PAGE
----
Iranian Brinkmanship Threatens Global Oil Supply, By Design. Iran will be prepared to run the risk of a limited military clash with the United States and Saudi Arabia, using the threat of escalation — and widespread fear of what a major oil supply disruption will do to an already skittish global economy — to push the United States back into a narrow negotiation centered on de-escalation in exchange for sanctions relief. European and Asian powers, along with front-line Persian Gulf states, will remain active in mediation efforts.
Brexit Uncertainty Is Prolonged. British Prime Minister Boris Johnson will push the United Kingdom to the brink of a no-deal Brexit in the second half of October, but London will once again avert a worst-case scenario. The politics of brinkmanship could produce a compromise over the Irish backstop, but, more likely, Johnson's resignation or a no-confidence motion will pave the way for another extension and an early election.
Testing the Groundwork for a Narrow U.S.-China Trade Deal. The White House will temper its ambitions for a comprehensive trade deal with China ahead of the 2020 U.S. presidential election, vying instead for a preliminary deal that brings some relief to U.S. farmers and that could result in some easing of export restrictions on Huawei. Nonetheless, several sticking points — and a heavy load of tariffs — will continue to weigh on the global economy. So long as the U.S. economy remains relatively stable, another breakdown in talks and tariff escalation cannot be ruled out.
WTO Limbo Invites More Trade Uncertainty. The United States will drive the World Trade Organization to an existential point when the appellate body of the organization becomes paralyzed in December as the White House deliberately blocks appointments to it. The move is in line with its long-standing argument that the consensus-ruled multilateral organization is not equipped to bring major trade abusers and influences like China into compliance. The shift from a rules-based system in governing trade disputes to one based principally on power and bilateral negotiations will inject more trade uncertainty into the global economy.
Easy Trade Wins Will Not Apply to the EU. As the White House tries to score smaller trade victories, Japan will be able to mitigate the threat of U.S. auto tariffs with the culmination of an initial trade deal. India, Mexico and growing trade targets like Vietnam will have a better shot at averting U.S. tariffs this quarter. U.S.-EU trade relations, however, will become rockier at a time when Germany is already at risk of recession.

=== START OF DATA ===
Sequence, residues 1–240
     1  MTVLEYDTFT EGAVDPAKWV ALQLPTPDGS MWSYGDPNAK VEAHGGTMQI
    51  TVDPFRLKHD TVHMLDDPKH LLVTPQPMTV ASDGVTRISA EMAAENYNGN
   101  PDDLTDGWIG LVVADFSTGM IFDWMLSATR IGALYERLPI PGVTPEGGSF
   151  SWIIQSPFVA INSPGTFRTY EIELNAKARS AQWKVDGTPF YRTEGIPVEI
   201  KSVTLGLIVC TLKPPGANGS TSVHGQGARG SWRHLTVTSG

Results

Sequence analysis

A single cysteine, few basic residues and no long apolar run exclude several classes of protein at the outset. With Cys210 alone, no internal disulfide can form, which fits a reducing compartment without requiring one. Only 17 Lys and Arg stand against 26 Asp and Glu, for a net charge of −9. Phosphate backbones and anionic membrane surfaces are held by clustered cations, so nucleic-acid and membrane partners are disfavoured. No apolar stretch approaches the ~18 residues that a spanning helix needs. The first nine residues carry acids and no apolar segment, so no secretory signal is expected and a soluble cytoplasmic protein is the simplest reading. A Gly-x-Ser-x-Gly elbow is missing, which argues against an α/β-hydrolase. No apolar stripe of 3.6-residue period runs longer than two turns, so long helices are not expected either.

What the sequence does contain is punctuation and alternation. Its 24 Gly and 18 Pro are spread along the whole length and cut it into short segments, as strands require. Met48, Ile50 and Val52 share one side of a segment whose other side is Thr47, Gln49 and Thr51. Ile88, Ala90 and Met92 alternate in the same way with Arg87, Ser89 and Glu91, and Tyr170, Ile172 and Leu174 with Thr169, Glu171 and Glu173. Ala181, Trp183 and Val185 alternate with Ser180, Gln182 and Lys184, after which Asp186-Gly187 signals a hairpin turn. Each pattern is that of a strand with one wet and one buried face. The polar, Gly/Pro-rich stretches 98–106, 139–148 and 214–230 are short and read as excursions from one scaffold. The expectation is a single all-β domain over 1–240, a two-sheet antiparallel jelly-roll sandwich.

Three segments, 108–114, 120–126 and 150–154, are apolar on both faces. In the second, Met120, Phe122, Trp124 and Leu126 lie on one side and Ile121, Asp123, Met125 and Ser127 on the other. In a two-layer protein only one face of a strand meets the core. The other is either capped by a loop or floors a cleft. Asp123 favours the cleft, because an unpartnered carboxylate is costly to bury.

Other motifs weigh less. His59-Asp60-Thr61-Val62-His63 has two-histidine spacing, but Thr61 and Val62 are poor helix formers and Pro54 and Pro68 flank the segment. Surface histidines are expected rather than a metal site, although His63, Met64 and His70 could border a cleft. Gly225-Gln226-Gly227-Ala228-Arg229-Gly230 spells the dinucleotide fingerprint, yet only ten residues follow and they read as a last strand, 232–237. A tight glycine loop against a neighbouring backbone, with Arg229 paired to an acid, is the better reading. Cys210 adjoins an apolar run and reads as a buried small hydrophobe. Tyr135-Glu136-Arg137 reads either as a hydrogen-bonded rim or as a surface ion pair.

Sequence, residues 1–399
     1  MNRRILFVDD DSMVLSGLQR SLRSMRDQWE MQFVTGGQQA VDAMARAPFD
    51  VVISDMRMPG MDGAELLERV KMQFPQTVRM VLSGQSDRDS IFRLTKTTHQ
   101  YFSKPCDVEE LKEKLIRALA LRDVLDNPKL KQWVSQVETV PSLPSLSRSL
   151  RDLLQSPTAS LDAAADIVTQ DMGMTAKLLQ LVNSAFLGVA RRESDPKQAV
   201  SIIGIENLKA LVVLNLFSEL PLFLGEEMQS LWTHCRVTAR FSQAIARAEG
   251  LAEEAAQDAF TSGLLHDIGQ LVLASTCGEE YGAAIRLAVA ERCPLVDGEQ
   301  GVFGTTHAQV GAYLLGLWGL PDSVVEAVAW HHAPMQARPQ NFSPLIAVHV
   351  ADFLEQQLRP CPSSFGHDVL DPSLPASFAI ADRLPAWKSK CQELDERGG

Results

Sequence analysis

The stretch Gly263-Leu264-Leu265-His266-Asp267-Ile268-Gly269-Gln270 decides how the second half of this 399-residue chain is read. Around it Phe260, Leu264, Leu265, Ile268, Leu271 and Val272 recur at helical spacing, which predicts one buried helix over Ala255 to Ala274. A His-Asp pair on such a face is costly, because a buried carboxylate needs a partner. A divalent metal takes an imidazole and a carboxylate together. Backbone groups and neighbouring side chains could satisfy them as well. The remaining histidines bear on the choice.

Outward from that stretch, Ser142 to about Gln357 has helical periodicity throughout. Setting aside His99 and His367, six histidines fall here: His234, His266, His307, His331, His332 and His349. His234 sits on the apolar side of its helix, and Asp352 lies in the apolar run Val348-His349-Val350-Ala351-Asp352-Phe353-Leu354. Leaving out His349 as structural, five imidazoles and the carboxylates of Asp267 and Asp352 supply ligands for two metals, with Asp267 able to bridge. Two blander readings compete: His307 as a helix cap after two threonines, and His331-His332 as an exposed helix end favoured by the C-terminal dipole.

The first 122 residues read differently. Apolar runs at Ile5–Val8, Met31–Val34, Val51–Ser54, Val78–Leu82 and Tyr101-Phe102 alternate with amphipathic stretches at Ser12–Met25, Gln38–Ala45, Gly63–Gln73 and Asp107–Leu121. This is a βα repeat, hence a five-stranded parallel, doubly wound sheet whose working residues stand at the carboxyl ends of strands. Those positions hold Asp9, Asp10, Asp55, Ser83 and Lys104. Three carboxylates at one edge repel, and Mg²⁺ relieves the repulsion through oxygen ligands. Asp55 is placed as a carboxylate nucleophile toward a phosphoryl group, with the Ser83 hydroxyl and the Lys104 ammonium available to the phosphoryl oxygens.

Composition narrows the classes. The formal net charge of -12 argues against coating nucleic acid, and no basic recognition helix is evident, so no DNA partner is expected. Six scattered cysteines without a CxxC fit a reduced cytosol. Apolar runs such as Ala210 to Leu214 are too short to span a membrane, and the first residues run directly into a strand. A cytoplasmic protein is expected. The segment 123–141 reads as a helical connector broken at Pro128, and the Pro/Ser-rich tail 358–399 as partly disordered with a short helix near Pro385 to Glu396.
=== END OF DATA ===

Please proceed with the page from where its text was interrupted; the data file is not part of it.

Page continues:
Pushback in the Chinese Periphery. Persistent unrest in Hong Kong is unlikely to draw a heavy-handed Chinese intervention. However, the prolonged political standoff will diminish Hong Kong's reputation as a financial hub, diverting capital and investment to Singapore and Taiwan. The push against Beijing and the associated economic costs will feature prominently in Taiwan, where pro-independence and more Beijing-friendly candidates will be campaigning in the lead-up to a high-stakes election in January.
Populism and Financial Havoc Return to Argentina. A likely win for populist candidate Alberto Fernandez in Argentina's Oct. 27 presidential election will deepen financial turmoil, resulting in tighter capital controls. Black market influence will grow and difficult talks with the International Monetary Fund will follow as the new government tries to renegotiate the terms of its bailout agreement. A rise in protectionist barriers will derail EU-Mercosur trade relations and deepen frictions with Brazil.
Distractions Abound for the United States. An escalating crisis with Iran and troubled negotiations in Afghanistan will complicate the U.S. struggle to minimize distractions, deploy resources and fortify alliances in its competition with China and Russia. China will rely on economic incentives and implicit threats alongside Russia to dissuade the Philippines, South Korea and Japan from hosting U.S. land-based intermediate-range ballistic missiles. A trade war between Japan and South Korea will persist, further hampering U.S. efforts to shape a stronger allied front in balancing against China.